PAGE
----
Here he is slogging his guts out working 12 hours a day so he can feed the family and I was earning more in a day than he earns in a month.
I started to get friendly with some of the best players in the UK. We would share strategy and go through hands that we had played. On the felt this group of 5 - 10 players was winning everything, and off the felt we were tearing it up.
I lost my virginity to two prostitutes in Leeds after one particularly drug- and drink-fuelled night. It took me a few hours to even get it up and the clock was ticking, if you get what I mean. I hated every moment of it. It was demeaning and not at all what I expected. The girls kept laughing at me. I told the lads that I loved it and gave it to them both hard.
I always felt like something was not quite right in the group. When it came to poker we were a strong unit, but from a personal standpoint I hardly knew anything about them. All we did was talk about poker, drank, took drugs and scored hookers.
As the bankroll grew, so did my ego and competitive nature.
I started to play all over the world as I enacted my plan of turning pro. The European Poker Tour (EPT), World Poker Tour (WPT) and of course the World Series of Poker (WSOP). I was throwing money away like it was confetti. Booking last minute flights, eating at expensive restaurants and making loans to people I hardly knew.
There seemed to be this rule within poker that you had to help out other poker players. It was the only way to keep people in the game. I remember going to the WSOP back in 2009 and I had spent $100,000 backing people - not because I thought they could win - but because I thought it was the right thing to do.
Then things started to turn sour.
I went from cashing in every event to not being able to make a single score. I didn’t know what to do. It wasn’t just me either. The entire circle were having money difficulties, so much so, that at my time-in-need none, of them could pay me back the money they owed me.
As I saw my bank balance dwindle I cried at the ludicrousness of it all. I still had a photograph of my online bank account that showed that I had £600,000.
Today, it contained £6,000.
I was owed in the region of £200,000 from so-called friends.
Where were they now?
Some of them just vanished. They upped sticks, turned off their cell phones, evaded social media and ‘poof’ they were gone. Others were just honest and told me they didn’t have the money to pay me back. What was I supposed to do? Beat them?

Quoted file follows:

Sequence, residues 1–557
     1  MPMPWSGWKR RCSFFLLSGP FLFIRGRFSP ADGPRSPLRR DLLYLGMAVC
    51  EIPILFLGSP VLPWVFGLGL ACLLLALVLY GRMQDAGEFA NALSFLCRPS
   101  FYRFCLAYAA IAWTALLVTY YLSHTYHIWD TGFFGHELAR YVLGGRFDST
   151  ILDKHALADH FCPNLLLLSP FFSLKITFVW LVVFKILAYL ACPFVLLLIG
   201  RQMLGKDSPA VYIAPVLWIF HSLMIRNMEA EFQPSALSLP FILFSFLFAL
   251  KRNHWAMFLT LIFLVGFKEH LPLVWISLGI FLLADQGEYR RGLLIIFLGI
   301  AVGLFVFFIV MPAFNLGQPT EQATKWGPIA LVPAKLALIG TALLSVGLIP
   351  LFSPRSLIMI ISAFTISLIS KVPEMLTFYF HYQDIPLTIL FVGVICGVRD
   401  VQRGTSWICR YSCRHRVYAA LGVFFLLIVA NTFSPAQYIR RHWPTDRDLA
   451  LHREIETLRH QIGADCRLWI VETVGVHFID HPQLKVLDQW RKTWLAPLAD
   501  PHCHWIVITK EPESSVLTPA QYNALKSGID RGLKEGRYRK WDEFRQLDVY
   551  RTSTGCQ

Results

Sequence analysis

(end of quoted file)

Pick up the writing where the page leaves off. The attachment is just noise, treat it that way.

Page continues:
All I could do was hope that one of them would bink a score and I would get my money back. It never happened and when it did they would try and hide it from me. At most I got a few grand back and that was that. It was like pulling teeth.
But that wasn’t the worst of it.
There were hoards of players that I had bought pieces of in the past because ‘that’s what poker players did’. Did I think they were good for it? Not really. But I stupidly thought they were friends of sorts. Like we had a common code that we all shared.
These are the people who hurt me the most.
At my lowest point I tried desperately to get backing so I could get back into the game and nobody wanted to know.
Did I turn into a bad player over night?
It was a bitter pill to swallow.
I had been on my own bankroll from the very beginning and I felt like a beggar in the streets as I tried desperately to claw together some money just so I could play at EPT London.
The most embarrassing moments are when players agree to take a piece of your action in a small event and you have to ask for the money up front because you can’t afford the buy-in.
The excuses I have given to people. The lies that I have told. All for the sake of protecting this ridiculous ego created by poker. Why can’t I just admit that I am broke? Why is it that hard? Can I really keep behaving in this way until I one day bink the WSOP Main Event?
Everyone has turned their back on me.
I can’t see a single face.
“I told you so.”
“Thank you, Dad.”
My dad lost his job and couldn’t find another one. Things at home became intolerable. I had to leave before I lost my insanity, but couldn’t afford to live anywhere else.
Just one big win.
I kept getting so close but the cigar stayed in Cuba.
“I told you so.”
You might be thinking - why didn’t I just get a real job?
It’s a combination of ego, stubbornness, cluelessness and story.
I couldn’t get a job when I was 16 so what chance do I have today. What can I write on my CV? Failed gambler who managed to run up a £600,000 bankroll and then gave it all away to other losers.
Doesn’t read that great, does it?
This is all I know.
I cannot give up on this.
I am too good and the next big win is just around the corner.
Poker is my life. The circuit is my life.
My life used to be spent traveling to the likes of San Remo, Monte Carlo, Barcelona, Las Vegas, Venice and Vienna. The circus would just keep moving and this was my family.
I don’t have any family anymore.
I don’t have anyone.
They have all abandoned me.
But I will bink one, one day, and when I do - things will be different. I will be stringent with my bankroll, will only take pieces of value and never lend anybody any more money.
I will be back.
The luck will change
It has to.
I don’t know how to do anything else.